Lis­ten to your gut.

In the Moment - - Contents -

When a client of mine, Amanda*, got in touch with me, she’d been ex­pe­ri­enc­ing anx­i­ety in her year­long re­la­tion­ship pretty much since it be­gan. At rst, she put it down to new re­la­tion­ship jit­ters and not be­ing used to dat­ing such a nice guy. Af­ter a while, she blamed it on her ‘bag­gage’; in­tol­er­ance and be­ing ‘too sen­si­tive’. But, as is the way when we dis­miss our feel­ings, the anx­i­ety kept nig­gling and build­ing. Next thing, it was keep­ing her awake at night.

Whether we re­alise it or not, many of us feel anx­i­ety ev­ery day and in many di er­ent con­texts. But in or­der to re­act to it cor­rectly, we need to know whether the anx­i­ety is due to past is­sues, our in­se­cu­ri­ties, or our in­tu­ition try­ing to alert us to some­thing. It’s one of life’s on­go­ing chal­lenges, and Amanda did what we of­ten do in these sit­u­a­tions: she ra­tio­nalised her anx­i­ety so much that she missed the wood for the trees.

We tend to see anx­i­ety as a neg­a­tive trait, be­liev­ing that the fact we’re anx­ious makes us wrong or our think­ing faulty. But what we should be do­ing is ac­knowl­edg­ing that our body is try­ing to com­mu­ni­cate some­thing. It’s let­ting us know that we need to be care­ful, based on past pain, fear and guilt – or that we don’t have faith in our­selves. Or both.

The rea­son Amanda was anx­ious for the en­tire re­la­tion­ship is that she told her­self that she shouldn’t feel anx­ious; that her part­ner was ‘nice’, ed­u­cated and fun and that, rel­a­tive to past re­la­tion­ships, this one was ‘bet­ter’. She talked her­self out of her feel­ings be­cause the re­la­tion­ship looked good on pa­per. It was as if there had to be some­thing dras­tic to pin her feel­ings on for them to be justi ed. In the ab­sence of that, she over­looked the ob­vi­ous: her anx­i­ety was com­mu­ni­cat­ing that she was in the wrong re­la­tion­ship. Her emo­tional state was the ev­i­dence she needed to take ac­tion. She didn’t un­der­stand it, but her body did.

Anx­i­ety wants our re­as­sur­ance, and where needed, our ac­tion. This means that we’ve ei­ther got to do some­thing that demon­strates to it that we are OK, or we’ve got to rem­edy the sit­u­a­tion. We also have to take care of our­selves, so that anx­i­ety can do a bet­ter job of alert­ing us.

What of­ten hap­pens in­stead is that we freeze. Anal­y­sis paral­y­sis sets in. We want to think ev­ery­thing out to the nth de­gree be­cause we’re afraid of get­ting things wrong. It cre­ates a Catch 22 sit­u­a­tion: we strug­gle to lis­ten to and trust our­selves, but also don’t feel en­tirely safe in trust­ing the other party. One of the hand­i­est things I’ve learned through lis­ten­ing to my­self and teach­ing others to do the same, is that in­tu­ition is only con­cerned with what is. Un­like ego, fear and crit­i­cism, it’s not try­ing to pre­pare you for what will hap­pen in 2099, nor is it con­cerned with the past or power trips like win­ning and be­ing right. In­tu­ition is about now.

When we fail to lis­ten to our in­tu­ition, or to act in a par­tic­u­lar area, anx­i­ety is the body’s way of telling us. The best thing that anx­i­ety ever did for me came in the form of a panic at­tack. As hor­ren­dous as it was, it forced me to ac­knowl­edge the ac­cu­mu­la­tion of missed mes­sages from my in­tu­ition. It was a mas­sive wake-up call, and nally got me to take ac­tion.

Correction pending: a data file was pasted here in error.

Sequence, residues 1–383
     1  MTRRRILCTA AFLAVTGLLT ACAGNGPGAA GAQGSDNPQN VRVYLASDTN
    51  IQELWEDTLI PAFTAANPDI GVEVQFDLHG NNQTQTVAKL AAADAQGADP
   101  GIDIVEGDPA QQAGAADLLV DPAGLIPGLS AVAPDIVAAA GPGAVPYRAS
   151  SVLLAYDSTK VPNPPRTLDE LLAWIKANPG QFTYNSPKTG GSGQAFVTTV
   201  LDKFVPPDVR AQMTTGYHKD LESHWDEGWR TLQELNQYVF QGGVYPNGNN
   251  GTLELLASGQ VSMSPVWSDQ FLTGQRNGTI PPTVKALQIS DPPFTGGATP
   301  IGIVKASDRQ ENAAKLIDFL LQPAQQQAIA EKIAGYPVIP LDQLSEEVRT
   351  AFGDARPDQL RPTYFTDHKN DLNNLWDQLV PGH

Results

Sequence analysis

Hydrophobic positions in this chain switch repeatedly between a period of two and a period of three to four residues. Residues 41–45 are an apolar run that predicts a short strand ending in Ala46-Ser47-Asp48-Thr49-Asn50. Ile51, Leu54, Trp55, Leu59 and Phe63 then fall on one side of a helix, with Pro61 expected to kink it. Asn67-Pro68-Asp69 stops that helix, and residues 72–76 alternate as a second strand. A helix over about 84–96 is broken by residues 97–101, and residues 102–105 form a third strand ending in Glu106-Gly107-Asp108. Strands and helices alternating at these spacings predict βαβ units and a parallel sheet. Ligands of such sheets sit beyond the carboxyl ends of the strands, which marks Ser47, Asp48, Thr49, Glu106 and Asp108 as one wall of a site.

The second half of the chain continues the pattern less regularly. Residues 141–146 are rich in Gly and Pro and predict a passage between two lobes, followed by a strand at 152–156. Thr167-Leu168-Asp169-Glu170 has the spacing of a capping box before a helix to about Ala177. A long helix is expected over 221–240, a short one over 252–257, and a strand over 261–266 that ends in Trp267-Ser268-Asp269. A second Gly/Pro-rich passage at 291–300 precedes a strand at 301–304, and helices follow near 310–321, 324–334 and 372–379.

Through­out our lives we’ll ex­pe­ri­ence get­ting what we want (or what others want for us) and hav­ing to act on the re­al­i­sa­tion that it’s not right for us. This is why I hear from so many peo­ple who nally land the ‘per­fect job’ or achieve what they thought was their dream, only to be be­sieged by un­ex­pected emo­tions that con­vey that this isn’t the path for them. They feel like they should be happy, that they should be able to make it work.

That’s not to say we should al­ways take anx­i­ety purely at face value, but we do need to see it as an ally do­ing its best to alert us to some­thing about an as­pect of our life. Hat­ing our­selves for ex­pe­ri­enc­ing anx­i­ety will only tighten its grip, not least be­cause we will re­spond in less-than-sup­port­ive ways. By rst ac­cept­ing that this is how we feel, we have an op­por­tu­nity to as­sess why. We can ad­dress un­der­ly­ing causes so we can talk and act our­selves out of the wave of emo­tions, or come to un­der­stand the cur­rent na­ture of our life. It might re­quire us to get un­com­fort­able, to make changes that y in the face of the ‘shoulds’, but in­ner peace is on the other side.

Our in­tu­ition won’t al­ways tell us what we want to hear, but it al­ways has our back. When we cul­ti­vate a more mind­ful re­la­tion­ship with it, we gather the in­tel­li­gence we need to un­der­stand our emo­tions. By bas­ing our­selves in the present, we can ac­knowl­edge in­se­cu­ri­ties and past ex­pe­ri­ences – and re­spond in the now. The more we do this, the less we will be held hostage by it or be con­fused by its pres­ence. We’re never go­ing to be best friends with anx­i­ety, but we can treat it as a friendly nudge to take care of us.

“We have to take care of our­selves, so that anx­i­ety can do a bet­ter job of alert­ing us”

NATALIE LUE has been writ­ing her blog www.bag­gagere­ for 12 years and is the au­thor of five books aimed at help­ing peo­ple-pleasers and over­achiev­ers to break un­healthy re­la­tion­ship pat­terns and harm­ful habits. Fol­low her on In­sta @natlue

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